So, today, I am sharing my mother’s recipe for the mixed veggie idli and sambal.

Mixed veggie idli with sambal

Mixed Veggie Idli

Cooking time: 10 – 15 mins + Soaking and fermenting time: around 12 – 24 hours

Makes 16 idlis

Mixed veggie idli


  • Urad dal (Black gram) – ½ cup
  • Basmathi or samba rice – ½ cup
  • White raw rice – ¼ cup
  • Carrot – ¼ cup, grated
  • Leeks – ¼ cup, grated
  • Onion – ¼ cup, grated
  • Green chillies – 2, finely chopped
  • Fennel seeds – ½ tsp
  • Curry leaves, finely chopped
  • Coriander leaves, finely chopped
  • Baking powder – 1 tsp (optional)
  • Salt, to taste
  • Oil


  1. Soak the urad dal, samba or basmathi and white raw rice separately for a minimum of 6 hours.  Overnight soaking is better.
  2. Grind the dal and rice together with a little water to a thick batter consistency, much thicker than pancake batter.
  3. Cover and keep for 6 hours.
  4. After six hours, heat a little oil in a pan and lightly sauté the fennel seeds, chopped onions, curry leaves for a few seconds before adding the carrots, leeks and chillies and fry lightly. Remove from heat and cool.
  5. Stir in the sautéed vegetable mixture and the chopped coriander leaves into the batter mix. Add salt, to taste, baking powder (optional) and a little water so that the batter is easy to pick with a scooping spoon.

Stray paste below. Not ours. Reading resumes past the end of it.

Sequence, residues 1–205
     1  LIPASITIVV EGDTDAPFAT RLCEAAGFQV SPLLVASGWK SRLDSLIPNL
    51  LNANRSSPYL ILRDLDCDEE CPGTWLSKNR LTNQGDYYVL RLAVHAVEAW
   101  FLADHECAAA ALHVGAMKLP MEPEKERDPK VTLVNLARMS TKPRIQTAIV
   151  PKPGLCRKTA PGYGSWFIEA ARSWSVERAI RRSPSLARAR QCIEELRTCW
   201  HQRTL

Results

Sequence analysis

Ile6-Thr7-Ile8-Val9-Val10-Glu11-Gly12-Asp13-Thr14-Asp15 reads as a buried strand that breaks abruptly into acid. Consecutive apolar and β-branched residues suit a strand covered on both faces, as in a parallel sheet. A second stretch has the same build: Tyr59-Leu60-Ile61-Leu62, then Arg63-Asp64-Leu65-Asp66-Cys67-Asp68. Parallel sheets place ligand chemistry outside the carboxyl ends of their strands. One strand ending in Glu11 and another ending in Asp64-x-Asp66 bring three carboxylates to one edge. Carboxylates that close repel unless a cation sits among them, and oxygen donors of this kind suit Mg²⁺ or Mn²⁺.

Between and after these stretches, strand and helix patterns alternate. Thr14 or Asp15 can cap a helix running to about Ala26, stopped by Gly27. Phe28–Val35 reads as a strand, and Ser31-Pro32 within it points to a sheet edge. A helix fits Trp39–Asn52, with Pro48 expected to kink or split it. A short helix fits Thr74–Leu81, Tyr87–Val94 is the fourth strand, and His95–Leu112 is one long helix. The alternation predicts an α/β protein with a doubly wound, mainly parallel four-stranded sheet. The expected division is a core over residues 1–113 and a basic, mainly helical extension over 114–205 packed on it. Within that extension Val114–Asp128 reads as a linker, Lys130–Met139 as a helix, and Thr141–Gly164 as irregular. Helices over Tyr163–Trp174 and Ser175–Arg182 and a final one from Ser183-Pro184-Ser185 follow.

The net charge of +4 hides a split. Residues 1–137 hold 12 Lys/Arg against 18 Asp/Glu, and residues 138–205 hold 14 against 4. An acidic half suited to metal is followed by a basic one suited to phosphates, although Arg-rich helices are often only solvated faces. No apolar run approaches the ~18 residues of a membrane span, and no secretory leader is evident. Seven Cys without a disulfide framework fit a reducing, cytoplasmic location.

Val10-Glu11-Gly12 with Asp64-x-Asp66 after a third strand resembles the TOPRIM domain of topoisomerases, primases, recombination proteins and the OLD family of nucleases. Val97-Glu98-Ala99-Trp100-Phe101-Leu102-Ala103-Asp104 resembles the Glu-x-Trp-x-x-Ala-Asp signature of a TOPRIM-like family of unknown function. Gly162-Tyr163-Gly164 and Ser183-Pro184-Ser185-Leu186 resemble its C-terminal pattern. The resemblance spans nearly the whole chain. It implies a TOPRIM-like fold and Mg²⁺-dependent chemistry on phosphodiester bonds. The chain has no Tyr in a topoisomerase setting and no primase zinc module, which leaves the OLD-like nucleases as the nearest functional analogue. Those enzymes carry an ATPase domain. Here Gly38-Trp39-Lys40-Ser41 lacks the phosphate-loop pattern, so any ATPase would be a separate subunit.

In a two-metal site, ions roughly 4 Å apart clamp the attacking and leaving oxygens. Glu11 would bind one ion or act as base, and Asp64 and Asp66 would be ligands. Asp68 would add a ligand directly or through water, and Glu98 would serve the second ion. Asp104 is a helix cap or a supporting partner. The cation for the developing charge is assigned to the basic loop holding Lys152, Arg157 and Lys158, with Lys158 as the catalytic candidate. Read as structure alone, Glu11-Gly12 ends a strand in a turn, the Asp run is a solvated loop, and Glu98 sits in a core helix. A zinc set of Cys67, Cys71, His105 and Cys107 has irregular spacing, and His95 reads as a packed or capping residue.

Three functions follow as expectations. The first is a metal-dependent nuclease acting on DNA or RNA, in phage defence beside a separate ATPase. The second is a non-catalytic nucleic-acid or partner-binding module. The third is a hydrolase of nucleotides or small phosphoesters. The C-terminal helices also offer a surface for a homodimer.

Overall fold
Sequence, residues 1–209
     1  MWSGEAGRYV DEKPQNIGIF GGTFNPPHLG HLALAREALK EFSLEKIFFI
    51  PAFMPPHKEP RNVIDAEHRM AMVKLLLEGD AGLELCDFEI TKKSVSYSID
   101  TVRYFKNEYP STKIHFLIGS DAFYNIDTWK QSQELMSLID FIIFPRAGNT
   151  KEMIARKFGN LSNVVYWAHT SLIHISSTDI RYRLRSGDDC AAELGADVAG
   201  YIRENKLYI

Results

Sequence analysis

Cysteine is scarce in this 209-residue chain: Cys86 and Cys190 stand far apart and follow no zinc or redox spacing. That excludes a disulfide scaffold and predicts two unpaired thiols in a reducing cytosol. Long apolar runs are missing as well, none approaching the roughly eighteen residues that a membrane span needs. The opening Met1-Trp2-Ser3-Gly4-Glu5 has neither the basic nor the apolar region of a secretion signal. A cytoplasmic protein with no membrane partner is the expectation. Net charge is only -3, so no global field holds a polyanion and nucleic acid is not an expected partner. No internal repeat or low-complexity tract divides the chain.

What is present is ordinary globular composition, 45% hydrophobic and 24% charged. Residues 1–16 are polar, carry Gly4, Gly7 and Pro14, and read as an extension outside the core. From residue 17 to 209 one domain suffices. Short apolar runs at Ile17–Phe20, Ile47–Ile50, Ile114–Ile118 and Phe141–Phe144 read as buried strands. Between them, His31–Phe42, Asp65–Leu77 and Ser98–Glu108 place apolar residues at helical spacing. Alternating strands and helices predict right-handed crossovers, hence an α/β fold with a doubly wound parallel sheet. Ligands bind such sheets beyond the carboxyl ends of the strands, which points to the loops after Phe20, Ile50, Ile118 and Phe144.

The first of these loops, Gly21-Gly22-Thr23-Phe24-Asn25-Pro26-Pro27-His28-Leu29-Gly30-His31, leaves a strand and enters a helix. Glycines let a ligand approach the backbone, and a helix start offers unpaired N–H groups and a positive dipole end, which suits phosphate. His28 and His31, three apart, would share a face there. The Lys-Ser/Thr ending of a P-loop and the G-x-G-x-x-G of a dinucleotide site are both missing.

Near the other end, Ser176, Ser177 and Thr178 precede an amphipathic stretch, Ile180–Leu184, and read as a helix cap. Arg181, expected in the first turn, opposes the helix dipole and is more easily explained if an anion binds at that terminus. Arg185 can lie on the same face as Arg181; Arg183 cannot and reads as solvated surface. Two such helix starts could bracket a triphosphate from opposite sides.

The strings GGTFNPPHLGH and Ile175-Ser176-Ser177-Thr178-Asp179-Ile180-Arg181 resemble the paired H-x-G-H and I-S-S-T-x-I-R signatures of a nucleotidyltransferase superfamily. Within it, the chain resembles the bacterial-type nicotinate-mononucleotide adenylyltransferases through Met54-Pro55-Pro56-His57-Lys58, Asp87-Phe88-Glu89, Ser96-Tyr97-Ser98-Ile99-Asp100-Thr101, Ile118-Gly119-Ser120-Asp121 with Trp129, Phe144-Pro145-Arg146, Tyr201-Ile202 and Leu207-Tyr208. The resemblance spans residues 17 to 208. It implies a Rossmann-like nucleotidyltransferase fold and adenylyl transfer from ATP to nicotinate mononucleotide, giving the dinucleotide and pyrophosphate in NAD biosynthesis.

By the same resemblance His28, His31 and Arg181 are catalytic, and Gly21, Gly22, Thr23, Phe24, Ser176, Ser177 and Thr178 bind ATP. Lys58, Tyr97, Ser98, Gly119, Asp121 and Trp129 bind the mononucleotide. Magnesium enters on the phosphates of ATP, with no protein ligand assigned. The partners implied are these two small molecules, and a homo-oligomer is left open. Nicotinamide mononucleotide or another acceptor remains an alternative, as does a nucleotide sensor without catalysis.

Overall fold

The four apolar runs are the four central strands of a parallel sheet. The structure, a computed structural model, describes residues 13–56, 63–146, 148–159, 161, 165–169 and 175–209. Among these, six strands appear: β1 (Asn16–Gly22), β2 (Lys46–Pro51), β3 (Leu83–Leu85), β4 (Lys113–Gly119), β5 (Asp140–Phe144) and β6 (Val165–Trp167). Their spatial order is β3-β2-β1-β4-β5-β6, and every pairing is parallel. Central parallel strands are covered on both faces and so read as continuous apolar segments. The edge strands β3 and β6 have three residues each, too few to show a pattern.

6. Pour the batter onto the idli molds on an idli steamer and steam for about 10 mins.
  7. This batter mix makes 16 idlis.
  8. Serve hot with sambal.

Note: For those who do not have an idli steamer and wish to simply try out this recipe once, the alternative would be to pour the batter into a small bowl placed in a larger bowl with water and steamed, similar to a steamed pudding. The steamed idli can then be overturned onto a plate or tray and then cut into pieces. This would mean though that you would not get the standard or usual shape of idlis and would need to repeat the process a couple of times till the batter mix runs out. Then again, if you do end up liking what you eat, you would probably want to invest in a regular idli cooker with a four or five tiered idli stand for the next time around.


Preparation time: 5 mins

Serves 4


  • Scraped fresh coconut – 1 cup
  • Dried red chillies – 5, chopped
  • Onion – 1, medium sized, chopped
  • Curry leaves – 2 sprigs
  • Oil


  1. Heat a little oil in a pan and roast separately the chopped red chillies, then the curry leaves, chopped onion and finally the scraped coconut and remove from heat.